Social Enterprise: Empowering Cross-Cultural Teams

By Mira Ruder-Hook

It has been a pretty phenomenal summer. This past year I have been exposed to people of various backgrounds and experiences, many of whom were involved in entrepreneurship. They all shared different insights, but one common theme emerged: there is not one path to entrepreneurship. We are all different and in the process of cultivating these differences great, unique ideas will manifest. Since there is no “right way,” figure out what pulls you and pursue it.

So that’s what I’ve been doing. Maybe it is my international studies and French background, but learning about social entrepreneurship in other places around the world really pulled me.

To pursue this interest, I joined the MENA-Michigan Initiative for Global Action Through Entrepreneurship Program (M²GATE), organized by the University of Michigan’s William Davidson Institute. U.S. students team up with college students in the MENA region to collaborate virtually on a social entrepreneurship project. My team was comprised of four Moroccan college students and a fellow Wolverine (as we University of Michigan students refer to ourselves).

Last week our team presented our final pitch to the M²GATE Committee, and we were incredibly proud with what we came up with. Our new business idea, however, was only one of the many positive takeaways from this program. Participating in M²GATE gave me the chance to learn from and work with a team of Moroccan college students, share and iterate our ideas, and implement our solution.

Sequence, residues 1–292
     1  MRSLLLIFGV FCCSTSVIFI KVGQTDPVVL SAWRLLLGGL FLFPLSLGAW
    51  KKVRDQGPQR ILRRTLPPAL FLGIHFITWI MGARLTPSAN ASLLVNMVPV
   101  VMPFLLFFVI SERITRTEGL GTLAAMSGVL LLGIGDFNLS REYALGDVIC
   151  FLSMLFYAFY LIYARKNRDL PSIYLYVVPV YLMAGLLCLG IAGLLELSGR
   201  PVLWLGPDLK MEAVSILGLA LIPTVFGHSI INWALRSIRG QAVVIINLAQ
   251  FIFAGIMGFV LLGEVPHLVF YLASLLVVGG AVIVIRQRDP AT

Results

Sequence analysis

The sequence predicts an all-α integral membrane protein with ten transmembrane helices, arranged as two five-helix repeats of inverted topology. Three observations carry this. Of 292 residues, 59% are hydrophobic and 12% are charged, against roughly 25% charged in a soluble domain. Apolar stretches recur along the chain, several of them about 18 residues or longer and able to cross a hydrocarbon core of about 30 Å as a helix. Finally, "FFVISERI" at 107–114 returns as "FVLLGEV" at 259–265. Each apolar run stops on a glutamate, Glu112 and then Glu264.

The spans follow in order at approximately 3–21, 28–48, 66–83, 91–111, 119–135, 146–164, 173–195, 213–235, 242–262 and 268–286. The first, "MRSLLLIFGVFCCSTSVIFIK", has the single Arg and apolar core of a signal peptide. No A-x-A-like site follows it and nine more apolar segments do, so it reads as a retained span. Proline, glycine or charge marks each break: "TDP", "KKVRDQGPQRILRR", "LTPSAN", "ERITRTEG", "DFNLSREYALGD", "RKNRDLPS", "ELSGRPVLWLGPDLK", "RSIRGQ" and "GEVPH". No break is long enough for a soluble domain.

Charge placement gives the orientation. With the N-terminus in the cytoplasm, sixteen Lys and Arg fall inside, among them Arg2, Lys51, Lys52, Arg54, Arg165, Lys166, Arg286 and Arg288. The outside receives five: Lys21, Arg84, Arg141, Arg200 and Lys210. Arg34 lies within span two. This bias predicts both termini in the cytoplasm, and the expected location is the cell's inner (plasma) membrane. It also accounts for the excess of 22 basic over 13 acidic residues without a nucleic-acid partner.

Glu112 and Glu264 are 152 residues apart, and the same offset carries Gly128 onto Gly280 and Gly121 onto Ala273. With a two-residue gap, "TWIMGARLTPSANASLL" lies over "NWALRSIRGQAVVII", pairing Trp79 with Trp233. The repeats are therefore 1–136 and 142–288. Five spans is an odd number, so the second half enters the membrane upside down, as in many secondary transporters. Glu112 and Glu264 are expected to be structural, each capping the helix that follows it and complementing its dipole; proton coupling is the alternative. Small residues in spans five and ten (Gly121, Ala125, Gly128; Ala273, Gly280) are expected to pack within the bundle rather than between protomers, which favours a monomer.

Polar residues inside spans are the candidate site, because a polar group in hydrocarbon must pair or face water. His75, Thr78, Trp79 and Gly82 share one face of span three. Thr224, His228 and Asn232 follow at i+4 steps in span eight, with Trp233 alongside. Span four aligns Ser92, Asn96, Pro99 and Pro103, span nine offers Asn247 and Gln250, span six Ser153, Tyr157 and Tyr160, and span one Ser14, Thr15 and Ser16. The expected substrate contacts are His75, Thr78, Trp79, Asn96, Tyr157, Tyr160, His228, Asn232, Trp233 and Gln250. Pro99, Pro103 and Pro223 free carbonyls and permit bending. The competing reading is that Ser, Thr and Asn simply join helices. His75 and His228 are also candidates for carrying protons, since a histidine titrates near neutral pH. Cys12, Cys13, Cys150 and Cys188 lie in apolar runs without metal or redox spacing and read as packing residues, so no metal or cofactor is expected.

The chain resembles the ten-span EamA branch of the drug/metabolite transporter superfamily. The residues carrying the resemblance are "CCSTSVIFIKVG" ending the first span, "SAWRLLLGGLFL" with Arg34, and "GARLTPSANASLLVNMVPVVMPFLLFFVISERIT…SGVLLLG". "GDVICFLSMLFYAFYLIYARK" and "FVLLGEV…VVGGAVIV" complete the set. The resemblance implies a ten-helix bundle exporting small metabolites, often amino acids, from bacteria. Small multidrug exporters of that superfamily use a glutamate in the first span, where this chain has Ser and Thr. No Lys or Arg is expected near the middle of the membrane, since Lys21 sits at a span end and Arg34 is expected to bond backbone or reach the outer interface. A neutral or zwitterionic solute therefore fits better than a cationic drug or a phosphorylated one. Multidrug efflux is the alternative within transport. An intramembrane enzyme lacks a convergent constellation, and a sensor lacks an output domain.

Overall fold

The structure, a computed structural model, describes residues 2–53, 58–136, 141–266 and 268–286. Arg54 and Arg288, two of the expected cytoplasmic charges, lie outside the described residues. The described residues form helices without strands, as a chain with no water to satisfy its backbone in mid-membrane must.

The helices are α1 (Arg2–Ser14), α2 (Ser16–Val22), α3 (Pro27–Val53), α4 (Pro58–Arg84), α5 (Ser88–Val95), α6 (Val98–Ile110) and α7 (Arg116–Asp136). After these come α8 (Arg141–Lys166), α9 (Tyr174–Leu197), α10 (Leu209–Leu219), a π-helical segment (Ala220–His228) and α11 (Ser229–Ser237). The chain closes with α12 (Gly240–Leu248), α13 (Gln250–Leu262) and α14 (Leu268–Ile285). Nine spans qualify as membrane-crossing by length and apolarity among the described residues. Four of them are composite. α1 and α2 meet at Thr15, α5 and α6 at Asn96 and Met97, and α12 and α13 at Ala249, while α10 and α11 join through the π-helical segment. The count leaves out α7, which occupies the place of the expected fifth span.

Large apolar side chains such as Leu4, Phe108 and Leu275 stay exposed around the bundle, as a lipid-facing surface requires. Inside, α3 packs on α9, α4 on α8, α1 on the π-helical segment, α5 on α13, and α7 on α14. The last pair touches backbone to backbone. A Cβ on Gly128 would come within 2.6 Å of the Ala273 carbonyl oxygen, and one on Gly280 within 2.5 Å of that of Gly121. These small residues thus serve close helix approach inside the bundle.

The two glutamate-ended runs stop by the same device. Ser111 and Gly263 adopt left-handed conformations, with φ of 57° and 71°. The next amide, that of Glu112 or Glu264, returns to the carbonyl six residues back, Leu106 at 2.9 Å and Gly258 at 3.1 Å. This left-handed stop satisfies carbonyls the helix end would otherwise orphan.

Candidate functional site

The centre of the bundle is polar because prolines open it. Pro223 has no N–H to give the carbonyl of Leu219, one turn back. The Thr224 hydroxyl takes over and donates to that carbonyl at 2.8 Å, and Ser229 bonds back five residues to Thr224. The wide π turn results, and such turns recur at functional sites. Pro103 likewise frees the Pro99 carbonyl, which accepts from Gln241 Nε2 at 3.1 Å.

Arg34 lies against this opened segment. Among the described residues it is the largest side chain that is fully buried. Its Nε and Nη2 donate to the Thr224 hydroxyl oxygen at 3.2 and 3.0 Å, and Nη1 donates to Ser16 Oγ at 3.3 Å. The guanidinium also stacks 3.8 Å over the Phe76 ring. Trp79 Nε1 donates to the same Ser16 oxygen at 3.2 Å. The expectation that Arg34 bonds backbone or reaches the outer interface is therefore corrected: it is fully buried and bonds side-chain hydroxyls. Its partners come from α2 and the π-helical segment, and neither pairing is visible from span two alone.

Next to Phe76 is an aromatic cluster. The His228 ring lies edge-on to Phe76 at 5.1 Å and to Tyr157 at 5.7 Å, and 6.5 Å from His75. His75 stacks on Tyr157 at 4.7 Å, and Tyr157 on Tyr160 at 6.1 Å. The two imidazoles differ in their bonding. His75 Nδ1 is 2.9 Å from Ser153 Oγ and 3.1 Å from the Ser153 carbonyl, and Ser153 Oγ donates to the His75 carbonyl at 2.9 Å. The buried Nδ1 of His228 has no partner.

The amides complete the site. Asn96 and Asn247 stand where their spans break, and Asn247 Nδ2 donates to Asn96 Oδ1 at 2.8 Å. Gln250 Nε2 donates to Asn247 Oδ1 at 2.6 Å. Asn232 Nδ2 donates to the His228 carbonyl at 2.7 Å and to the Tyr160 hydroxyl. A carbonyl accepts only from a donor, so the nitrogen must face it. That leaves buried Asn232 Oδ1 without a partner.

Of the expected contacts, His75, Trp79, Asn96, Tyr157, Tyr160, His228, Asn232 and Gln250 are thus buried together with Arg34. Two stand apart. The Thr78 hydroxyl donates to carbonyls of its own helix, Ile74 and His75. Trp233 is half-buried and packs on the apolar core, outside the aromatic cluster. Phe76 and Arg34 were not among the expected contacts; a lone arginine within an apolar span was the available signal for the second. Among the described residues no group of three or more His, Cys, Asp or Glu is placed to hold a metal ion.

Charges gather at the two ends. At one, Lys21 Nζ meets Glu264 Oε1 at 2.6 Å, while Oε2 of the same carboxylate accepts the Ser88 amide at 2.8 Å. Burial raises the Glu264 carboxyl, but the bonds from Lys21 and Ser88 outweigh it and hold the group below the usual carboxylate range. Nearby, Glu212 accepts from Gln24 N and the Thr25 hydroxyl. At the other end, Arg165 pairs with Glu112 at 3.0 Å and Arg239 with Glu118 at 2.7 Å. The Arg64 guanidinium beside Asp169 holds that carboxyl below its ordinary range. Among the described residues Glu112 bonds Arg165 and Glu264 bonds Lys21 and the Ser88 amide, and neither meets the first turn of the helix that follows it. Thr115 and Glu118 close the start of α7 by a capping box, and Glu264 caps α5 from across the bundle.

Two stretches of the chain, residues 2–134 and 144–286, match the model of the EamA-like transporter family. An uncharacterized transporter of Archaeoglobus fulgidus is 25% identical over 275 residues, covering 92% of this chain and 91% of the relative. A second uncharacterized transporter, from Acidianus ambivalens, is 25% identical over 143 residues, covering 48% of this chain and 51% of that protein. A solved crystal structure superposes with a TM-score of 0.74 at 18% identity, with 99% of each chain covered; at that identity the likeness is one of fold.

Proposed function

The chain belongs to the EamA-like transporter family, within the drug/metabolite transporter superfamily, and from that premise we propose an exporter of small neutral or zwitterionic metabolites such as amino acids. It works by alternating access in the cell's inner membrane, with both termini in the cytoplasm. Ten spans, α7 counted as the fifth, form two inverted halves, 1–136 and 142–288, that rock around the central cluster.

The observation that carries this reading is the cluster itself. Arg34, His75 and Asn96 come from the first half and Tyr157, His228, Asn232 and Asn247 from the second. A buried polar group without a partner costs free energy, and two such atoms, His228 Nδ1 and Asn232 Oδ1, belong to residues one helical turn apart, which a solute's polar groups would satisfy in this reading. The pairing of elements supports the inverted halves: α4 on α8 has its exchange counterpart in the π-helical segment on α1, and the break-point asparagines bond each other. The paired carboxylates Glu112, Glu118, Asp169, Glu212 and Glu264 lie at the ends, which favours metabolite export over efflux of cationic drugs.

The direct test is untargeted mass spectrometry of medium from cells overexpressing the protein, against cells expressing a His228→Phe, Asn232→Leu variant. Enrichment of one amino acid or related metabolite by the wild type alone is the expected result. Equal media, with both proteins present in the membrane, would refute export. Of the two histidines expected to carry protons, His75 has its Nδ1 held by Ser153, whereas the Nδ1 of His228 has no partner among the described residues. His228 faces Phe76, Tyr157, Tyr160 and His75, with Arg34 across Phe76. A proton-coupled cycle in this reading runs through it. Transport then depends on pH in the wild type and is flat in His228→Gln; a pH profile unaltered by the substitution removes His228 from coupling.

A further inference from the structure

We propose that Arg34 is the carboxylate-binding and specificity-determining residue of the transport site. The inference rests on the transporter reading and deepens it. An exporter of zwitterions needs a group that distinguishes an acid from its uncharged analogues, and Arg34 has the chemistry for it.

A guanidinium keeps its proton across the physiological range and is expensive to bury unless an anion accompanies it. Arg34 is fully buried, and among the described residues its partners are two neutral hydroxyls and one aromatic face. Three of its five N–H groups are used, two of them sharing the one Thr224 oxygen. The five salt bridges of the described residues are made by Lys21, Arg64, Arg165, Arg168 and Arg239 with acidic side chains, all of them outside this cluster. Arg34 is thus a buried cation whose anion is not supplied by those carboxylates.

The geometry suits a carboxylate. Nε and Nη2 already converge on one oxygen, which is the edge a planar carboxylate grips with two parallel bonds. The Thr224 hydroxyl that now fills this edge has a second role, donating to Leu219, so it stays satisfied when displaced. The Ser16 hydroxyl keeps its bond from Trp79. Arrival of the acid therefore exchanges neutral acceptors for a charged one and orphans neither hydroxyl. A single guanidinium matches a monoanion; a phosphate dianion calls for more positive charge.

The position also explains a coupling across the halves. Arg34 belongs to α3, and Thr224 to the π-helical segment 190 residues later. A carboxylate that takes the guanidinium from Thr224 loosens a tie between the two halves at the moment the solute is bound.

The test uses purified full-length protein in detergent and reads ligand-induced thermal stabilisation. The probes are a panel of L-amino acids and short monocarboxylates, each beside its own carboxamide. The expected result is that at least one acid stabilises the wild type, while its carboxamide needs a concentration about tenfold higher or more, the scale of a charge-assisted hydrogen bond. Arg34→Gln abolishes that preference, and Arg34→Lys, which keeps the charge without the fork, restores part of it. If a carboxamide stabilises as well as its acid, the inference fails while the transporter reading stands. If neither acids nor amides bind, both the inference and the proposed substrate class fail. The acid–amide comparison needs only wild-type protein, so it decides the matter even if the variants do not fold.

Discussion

The conversations that we had about the feasibility of our ideas enabled us to think through our ideas. I was impressed by the dedication of my teammates. Their commitment to the project motivated me to contribute as much as I possibly could to our team’s output. Second, we decided to focus on Morocco, which enabled me to learn more about Morocco (my teammate and fellow Wolverine Adam, is even headed to Morocco later this month to meet our teammates in person). Third, we came up with a real solution.

To conclude, it was the people that made this an amazing experience. We communicated with each other well because everyone was willing to share, critique, and be open-minded to different opinions, enabling us to continuously generate ideas. Earth-shattering ideas, no, but from these conversations, viable ideas that solved the specific problem that we had intended to address did emerge. To view the problem our team identified, watch the video in this post below.

And the best part? It is not over yet. We all agreed that we want to continue working on our idea over the next year to grow it into a business and make it eligible for funding.

 

 

 

M2GATE partner logos (from left to right) USAID, U.S. Department of State, the Stevens Initiative and The Aspen Institute

The Stevens Initiative is also supported by the Bezos Family Foundation and the governments of Morocco and the United Arab Emirates.

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